Daily Archives: September 24, 2014

Counseling Related Questions: What Does the Bible Say about Coping/Dealing with a Terminal Illness?

 

It certainly can be difficult to accept some of the sorrowful twists and turns that life brings our way. And there are few things that can stir the human soul more than the news of a terminal illness diagnosis. First of all, know that Jesus cares. Our Savior wept when His beloved friend Lazarus died (John 11:35), and His heart was touched by the sorrow of Jairus’ family (Luke 8:41–42).

Jesus not only cares; He is at hand to help His children. Our God is an “ever-present help in trouble” (Psalm 46:1). The Holy Spirit, the Comforter of our hearts, dwells with us, and He will never leave (John 14:16).

Jesus told us in this world we would have troubles (John 16:33), and absolutely no one is spared (Romans 5:12). Yet coping with any degree of suffering becomes easier when we understand God’s overall design to redeem our fallen world. We may not be guaranteed physical health in this life, but those who trust in God are promised spiritual security for all eternity (John 10:27–28). Nothing can touch the soul.

It is good to remember that not everything bad that happens to us is a direct result of our sin. Having a terminal illness is not proof of God’s judgment on an individual. Recall the time Jesus and His disciples came upon a man who had been blind since birth. They asked Jesus, “Rabbi, who sinned, this man or his parents, that he was born blind?” Jesus responded, “Neither this man nor his parents sinned. But this happened so that the work of God might be displayed in his life” (John 9:2–3, emphasis added). Likewise, Job’s three friends were certain that his calamity resulted from sin in his life. Like Christ’s disciples, they were very wrong.

We may never understand the reasons for our particular trials this side of eternity, but one thing is clear—for those who love God, trials work for them, not against them (Romans 8:28). Moreover, God will give the strength to endure any trial (Philippians 4:13).

Our earthly life is a “mist” at best, and that’s why God has set eternity in our hearts (Ecclesiastes 3:11). God’s plan for His children includes their death, which is “precious in the sight of the LORD” (Psalm 116:15).

Ultimately, God’s will for us is to glorify Him and to grow spiritually. He wants us to trust and depend on Him. How we react to our trials, including the trial of terminal illness, reveals exactly what our faith is like. Scripture teaches us to offer our bodies as living sacrifices (Romans 12:1). In fact, “dying to self” is a requirement for those who seek to follow Jesus Christ (Luke 14:27). This means we completely subordinate our desires to those of our Lord. Like Christ at Gethsemane, “my” will needs to become “Thy” will.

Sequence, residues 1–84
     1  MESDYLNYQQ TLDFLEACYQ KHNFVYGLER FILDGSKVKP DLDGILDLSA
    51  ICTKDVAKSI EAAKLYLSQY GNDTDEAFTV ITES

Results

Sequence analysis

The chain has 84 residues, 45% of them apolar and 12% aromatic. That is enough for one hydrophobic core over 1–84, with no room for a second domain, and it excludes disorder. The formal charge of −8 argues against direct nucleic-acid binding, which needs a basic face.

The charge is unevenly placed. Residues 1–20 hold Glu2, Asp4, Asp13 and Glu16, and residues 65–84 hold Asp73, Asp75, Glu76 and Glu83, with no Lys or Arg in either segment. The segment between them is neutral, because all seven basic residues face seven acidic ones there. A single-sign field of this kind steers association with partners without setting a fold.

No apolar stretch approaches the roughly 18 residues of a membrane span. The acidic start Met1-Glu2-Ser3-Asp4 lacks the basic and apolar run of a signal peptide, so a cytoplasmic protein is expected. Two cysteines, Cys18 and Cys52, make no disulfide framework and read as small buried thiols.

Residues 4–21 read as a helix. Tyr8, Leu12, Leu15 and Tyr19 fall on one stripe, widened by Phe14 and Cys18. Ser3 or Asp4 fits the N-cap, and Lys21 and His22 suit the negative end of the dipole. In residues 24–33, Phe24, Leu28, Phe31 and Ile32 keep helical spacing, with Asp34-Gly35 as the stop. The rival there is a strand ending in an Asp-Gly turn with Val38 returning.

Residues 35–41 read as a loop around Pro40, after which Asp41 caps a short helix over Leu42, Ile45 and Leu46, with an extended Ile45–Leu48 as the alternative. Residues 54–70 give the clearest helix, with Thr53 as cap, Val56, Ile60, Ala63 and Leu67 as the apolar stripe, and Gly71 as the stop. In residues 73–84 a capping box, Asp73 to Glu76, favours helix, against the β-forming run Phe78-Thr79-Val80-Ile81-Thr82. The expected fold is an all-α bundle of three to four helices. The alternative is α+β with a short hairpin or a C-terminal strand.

The writer of Hebrews exhorts us to consider the suffering our Savior endured so that we ourselves do not grow weary and lose heart in our own trials. It was “for the joy set before Him” that Christ was able to endure the suffering of the cross. This “joy,” for Christ, was in obeying His Father’s will (Psalm 40:8), reconciling His Father with His creation, and being exalted to the right hand of the throne of God. Likewise, our own trials can be made more bearable when we consider the “joy” set before us. Our joy may come in understanding it is through testing that God transforms us into the likeness of His Son (Job 23:10; Romans 8:29). What we see as pain and discomfort and uncertainty our sovereign Father—who ordains or allows every event during our time on earth—sees as transformation. Our suffering is never meaningless. God uses suffering to change us, to minister to others, and, ultimately, to bring glory to His name.

Paul reminds us that our earthly troubles, which last only a short time, pale in comparison to our eternal glory (2 Corinthians 4:17–18). Commenting on these verses, one theologian stated, “God will never be a debtor to anyone. Any sacrifice we make or hardship we endure for His sake and by His Spirit, He will amply reward out of all proportion to what we suffered.”